Twitter's 60 Minute Shelf Life

Bieber Twitter

The Influence Project

Bono and Lady Gaga may be duking it out for social media supremacy, which a recent survey tried to determine by measuring the artists' influence online (while somehow leaving out Justin Bieber). But it's worth examining: Is social media even an effective tool to spread one's influence? At least on Twitter, the reach of influencers such as a Gaga--even with her 6.5 million followers--is ephemeral.

According to a new report from analytics firm Sysomos, tweets have an incredibly short shelf life. Sysomos analyzed more than 1.2 billion tweets and determined that only 29% produce a reaction, which they define as a reply or retweet.

What's more, just 6% of tweets are retweeted, and nearly all occur within the first hour. What happens after those precious 60 minutes? Just 1.63% of tweets are retweeted in the second hour, and only 0.94% in the third. @Replies too have the same life span--a whopping 97% happen within the first hour. Additionally, the majority of @reply threads end after just one response--only 15% of tweets generate a reply, and just 11% of those threads move to a second response.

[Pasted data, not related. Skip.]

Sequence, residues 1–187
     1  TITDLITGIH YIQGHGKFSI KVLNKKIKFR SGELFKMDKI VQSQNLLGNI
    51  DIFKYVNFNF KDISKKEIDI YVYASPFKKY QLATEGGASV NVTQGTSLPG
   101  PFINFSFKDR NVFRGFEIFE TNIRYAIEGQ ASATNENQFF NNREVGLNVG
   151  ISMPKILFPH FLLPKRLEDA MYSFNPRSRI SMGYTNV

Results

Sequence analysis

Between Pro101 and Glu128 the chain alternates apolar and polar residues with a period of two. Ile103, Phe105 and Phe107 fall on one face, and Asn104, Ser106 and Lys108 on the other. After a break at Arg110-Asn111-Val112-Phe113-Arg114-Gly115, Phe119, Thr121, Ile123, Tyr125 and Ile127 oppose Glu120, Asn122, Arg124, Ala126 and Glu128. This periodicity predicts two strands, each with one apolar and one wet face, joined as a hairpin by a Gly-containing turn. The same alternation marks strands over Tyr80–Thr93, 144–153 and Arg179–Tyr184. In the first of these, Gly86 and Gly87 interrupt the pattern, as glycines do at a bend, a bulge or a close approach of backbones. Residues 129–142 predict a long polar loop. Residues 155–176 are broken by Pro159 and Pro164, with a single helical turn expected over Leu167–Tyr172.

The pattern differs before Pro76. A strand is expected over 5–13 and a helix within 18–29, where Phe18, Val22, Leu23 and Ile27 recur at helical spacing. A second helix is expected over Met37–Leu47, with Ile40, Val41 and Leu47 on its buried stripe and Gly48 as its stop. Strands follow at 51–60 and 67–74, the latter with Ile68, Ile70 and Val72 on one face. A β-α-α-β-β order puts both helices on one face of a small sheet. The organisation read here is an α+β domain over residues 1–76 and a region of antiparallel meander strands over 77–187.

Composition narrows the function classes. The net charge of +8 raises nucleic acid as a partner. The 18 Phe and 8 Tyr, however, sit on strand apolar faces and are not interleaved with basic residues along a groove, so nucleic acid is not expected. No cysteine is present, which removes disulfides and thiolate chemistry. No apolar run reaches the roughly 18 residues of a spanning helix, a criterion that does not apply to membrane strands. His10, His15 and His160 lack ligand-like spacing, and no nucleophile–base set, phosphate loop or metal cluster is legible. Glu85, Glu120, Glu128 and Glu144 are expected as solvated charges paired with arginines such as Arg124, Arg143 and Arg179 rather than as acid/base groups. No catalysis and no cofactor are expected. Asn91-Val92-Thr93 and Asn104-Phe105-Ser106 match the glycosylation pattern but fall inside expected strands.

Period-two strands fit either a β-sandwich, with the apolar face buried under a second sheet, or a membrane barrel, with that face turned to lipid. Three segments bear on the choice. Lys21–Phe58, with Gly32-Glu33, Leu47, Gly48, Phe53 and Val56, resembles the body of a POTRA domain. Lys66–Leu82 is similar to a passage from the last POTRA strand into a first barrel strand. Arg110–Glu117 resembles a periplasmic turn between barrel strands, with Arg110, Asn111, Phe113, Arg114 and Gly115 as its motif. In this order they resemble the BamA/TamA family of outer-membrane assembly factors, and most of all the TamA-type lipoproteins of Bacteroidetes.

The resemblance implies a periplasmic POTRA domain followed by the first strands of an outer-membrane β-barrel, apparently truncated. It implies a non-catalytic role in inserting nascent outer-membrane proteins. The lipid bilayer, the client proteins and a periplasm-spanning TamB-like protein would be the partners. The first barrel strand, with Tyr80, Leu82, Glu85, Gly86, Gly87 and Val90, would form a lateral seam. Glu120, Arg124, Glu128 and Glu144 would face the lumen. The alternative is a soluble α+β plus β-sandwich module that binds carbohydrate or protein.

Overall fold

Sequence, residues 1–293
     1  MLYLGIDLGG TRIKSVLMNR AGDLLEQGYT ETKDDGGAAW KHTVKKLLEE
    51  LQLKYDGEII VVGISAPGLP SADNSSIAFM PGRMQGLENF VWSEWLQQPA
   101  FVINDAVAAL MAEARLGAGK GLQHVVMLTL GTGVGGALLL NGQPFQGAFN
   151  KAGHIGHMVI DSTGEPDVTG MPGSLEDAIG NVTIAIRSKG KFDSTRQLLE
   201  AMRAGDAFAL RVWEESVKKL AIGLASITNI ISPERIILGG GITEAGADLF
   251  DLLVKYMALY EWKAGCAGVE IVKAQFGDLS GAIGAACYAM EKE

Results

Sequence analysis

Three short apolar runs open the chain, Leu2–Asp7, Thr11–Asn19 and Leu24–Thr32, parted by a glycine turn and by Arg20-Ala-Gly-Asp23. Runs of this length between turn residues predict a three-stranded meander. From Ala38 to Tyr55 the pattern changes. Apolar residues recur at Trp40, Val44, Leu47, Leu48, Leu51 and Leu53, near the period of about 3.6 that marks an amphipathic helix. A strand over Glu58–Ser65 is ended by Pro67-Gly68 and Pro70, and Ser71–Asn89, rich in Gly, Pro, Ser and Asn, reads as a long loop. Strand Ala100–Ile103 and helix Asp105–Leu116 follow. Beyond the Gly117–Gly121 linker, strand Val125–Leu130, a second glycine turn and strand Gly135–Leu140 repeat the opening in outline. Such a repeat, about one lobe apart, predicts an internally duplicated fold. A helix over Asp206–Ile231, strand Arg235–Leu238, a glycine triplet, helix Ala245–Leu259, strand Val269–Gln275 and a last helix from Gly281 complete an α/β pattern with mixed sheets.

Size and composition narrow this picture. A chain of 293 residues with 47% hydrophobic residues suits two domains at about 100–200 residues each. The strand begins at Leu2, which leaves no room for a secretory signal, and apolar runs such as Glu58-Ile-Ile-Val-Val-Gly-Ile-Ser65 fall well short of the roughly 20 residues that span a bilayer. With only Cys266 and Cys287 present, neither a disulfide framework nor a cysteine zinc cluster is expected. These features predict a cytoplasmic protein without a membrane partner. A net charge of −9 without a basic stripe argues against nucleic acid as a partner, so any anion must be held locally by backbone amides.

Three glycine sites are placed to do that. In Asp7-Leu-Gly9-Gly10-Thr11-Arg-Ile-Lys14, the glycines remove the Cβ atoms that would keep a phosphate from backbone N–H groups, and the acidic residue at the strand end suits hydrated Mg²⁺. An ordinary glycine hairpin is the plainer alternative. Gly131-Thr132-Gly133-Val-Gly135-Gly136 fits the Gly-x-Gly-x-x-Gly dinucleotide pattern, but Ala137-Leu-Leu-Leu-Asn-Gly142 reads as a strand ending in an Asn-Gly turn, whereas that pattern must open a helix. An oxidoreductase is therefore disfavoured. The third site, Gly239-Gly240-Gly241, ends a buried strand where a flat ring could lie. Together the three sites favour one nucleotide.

What does this all mean? For every influencer on Twitter, you better get your message out there within the first hour. If it doesn't cause a ripple effect within the first 60 minutes, chances are, it will be lost among the other pointless dribble that has somehow become micro-blog-worthy. Maybe true pop-stars like Gaga and Bieber have the luxury of having their tweets ride the wave of "influence" into that distant second-hour.

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1 Comments

  • Pedro

    It kind of makes sense for a network that was crafted for exactly this kind of near real-time interaction, doesn't it? I think you don't get it.